The Right Way to Clean Shelves at Your Operation

Shelf-Cleaning

Shelves of every kind and all materials, even antimicrobial, need regular cleaning. Too often, though, employees overlook them or improperly clean them. Storeroom shelves, in particular, are left untended for long periods of time, with employees only cleaning them when something spills. Also ignored are high shelves and shelves around areas like cashier’s stations, bussing stations and drive-thru service areas.

How employees clean shelf surfaces matters, too—particularly stainless. Though seen as impervious, stainless has a few weaknesses. When stainless shelves get really dirty—on the cookline, for example—employees make the mistake of using abrasive metal scrubbing pads or cleaners like bleach to help break through grease and grime. Both can quickly degrade stainless and ultimately cause it to corrode. Harsh cleansers and abrasives are hard on plastic, too.

 

What to Do

  • Clean dry storage shelving weekly; assign cleaning tasks and schedules to staff.
  • Clean spills immediately.
  • Follow manufacturer’s instructions for each type of shelving when possible.
  • Wipe down shelves with a clean cloth or sponge and warm water with mild detergent.
  • Wipe food contact surfaces with a second cloth immersed in sanitizing solution; let air dry.
  • For dirtier surfaces in cooking areas, for example, use a spray degreaser and nylonbristle brush or nonabrasive scouring pad.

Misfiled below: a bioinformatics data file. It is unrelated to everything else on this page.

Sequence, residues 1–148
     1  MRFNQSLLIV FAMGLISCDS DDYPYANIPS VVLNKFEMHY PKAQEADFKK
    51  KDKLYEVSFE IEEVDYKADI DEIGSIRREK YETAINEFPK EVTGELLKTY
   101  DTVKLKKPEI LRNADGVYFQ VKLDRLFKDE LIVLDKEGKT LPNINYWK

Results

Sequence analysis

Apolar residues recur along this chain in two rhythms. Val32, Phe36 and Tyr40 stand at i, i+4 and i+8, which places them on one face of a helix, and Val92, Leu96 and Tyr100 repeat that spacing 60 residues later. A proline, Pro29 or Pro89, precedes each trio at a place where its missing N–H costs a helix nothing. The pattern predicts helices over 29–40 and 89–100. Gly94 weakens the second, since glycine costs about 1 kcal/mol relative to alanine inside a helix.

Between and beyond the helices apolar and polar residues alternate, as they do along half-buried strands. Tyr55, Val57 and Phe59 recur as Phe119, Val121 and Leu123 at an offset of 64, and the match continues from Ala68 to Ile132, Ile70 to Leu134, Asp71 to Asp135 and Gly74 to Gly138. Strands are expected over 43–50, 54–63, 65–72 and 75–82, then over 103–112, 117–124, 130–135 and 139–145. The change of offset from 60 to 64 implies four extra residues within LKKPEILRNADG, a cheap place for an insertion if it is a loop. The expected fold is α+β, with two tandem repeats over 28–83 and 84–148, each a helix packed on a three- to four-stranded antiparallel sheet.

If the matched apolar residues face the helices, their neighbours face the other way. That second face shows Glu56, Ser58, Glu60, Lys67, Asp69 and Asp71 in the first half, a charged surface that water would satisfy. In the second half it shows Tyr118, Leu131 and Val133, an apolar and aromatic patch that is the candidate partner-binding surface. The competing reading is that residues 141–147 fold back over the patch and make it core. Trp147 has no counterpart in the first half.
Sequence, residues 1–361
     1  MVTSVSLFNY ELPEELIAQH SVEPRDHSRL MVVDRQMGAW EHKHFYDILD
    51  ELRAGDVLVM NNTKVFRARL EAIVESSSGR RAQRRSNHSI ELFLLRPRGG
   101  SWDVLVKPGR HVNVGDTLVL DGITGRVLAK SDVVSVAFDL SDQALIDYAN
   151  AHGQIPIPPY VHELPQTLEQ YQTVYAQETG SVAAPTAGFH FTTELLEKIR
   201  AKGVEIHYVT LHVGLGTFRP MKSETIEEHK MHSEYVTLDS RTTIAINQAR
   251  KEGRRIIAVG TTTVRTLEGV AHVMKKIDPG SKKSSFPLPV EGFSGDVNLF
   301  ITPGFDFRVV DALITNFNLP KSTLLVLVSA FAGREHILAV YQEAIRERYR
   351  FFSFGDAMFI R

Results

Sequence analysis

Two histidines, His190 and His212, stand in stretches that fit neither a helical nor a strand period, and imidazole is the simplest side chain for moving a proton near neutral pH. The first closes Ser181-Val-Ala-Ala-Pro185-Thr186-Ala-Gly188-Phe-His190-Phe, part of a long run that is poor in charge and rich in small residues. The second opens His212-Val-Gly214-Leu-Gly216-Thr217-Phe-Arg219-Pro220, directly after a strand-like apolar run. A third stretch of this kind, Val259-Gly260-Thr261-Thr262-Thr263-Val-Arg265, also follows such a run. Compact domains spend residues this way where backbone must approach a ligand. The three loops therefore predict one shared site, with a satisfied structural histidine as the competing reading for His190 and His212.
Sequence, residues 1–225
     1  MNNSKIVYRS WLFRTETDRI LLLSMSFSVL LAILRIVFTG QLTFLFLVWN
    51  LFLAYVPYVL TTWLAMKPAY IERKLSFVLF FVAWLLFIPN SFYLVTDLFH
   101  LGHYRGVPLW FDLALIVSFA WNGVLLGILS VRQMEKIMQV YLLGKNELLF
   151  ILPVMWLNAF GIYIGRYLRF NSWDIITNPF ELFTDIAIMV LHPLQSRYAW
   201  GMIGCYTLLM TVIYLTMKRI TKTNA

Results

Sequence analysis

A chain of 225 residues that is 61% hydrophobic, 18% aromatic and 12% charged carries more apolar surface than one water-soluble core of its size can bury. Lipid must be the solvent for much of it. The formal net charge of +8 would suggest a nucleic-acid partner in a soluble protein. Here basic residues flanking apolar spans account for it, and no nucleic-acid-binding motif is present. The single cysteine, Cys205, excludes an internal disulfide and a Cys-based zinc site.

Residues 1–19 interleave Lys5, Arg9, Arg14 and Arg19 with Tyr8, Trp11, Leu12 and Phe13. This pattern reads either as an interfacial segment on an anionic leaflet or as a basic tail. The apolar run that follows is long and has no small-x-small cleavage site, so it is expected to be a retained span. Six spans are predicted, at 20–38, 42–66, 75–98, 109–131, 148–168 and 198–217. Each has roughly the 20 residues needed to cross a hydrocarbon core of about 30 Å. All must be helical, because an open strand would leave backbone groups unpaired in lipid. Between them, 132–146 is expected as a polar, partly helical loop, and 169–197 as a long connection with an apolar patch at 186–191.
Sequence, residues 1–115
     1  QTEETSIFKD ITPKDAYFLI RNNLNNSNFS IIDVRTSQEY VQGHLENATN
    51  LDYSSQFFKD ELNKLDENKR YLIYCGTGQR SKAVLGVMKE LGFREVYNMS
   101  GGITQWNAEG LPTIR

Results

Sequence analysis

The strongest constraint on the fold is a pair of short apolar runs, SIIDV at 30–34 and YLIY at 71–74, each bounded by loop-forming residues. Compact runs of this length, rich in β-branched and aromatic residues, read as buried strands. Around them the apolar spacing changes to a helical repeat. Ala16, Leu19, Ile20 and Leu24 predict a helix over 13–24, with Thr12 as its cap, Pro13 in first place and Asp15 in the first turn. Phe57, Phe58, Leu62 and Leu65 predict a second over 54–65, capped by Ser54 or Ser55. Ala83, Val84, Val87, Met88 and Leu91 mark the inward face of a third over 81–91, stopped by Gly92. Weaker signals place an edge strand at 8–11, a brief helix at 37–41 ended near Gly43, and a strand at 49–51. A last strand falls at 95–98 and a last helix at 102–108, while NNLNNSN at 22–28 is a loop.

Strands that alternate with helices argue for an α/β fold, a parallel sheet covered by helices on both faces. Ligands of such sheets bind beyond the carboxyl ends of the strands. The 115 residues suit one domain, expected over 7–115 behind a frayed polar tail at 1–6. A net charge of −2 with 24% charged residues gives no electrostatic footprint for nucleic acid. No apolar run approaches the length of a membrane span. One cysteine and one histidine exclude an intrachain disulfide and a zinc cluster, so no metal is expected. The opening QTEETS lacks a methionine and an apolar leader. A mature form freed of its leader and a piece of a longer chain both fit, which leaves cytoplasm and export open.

• Never use chlorine bleach, hydrochloric (muriatic) acid or metal scouring pads on stainless; they’ll cause pitting and corrosion.
  • Keep cleaning kits and sanitizing solution buckets handy at all stations. Store kit components in a caddy, including: spray cleaner, spray degreaser, gloves, sponges, scrub brush, microfiber cloth and even safety glasses.
  • Creating a cleaning schedule, training employees and keeping tools close by will help keep shelving in top condition.

RELATED CONTENT

New Podcast: You Live and You Learn

Gary Schermann, of General Parts, walks through his company’s approach to technician training. Continuing education is “critical,” he says, especially now.

AdobeStock 33153739

From Heating Elements To Control Panels

Cecil Blake, a service technician for Authorized Commercial Equipment Service, based in Charlotte, N.C., wasn’t surprised when he got a call asking for help with a fryer having recovery issues.

- Advertisement -

- Advertisement -

- Advertisement -

TRENDING NOW

- Advertisement -

- Advertisement -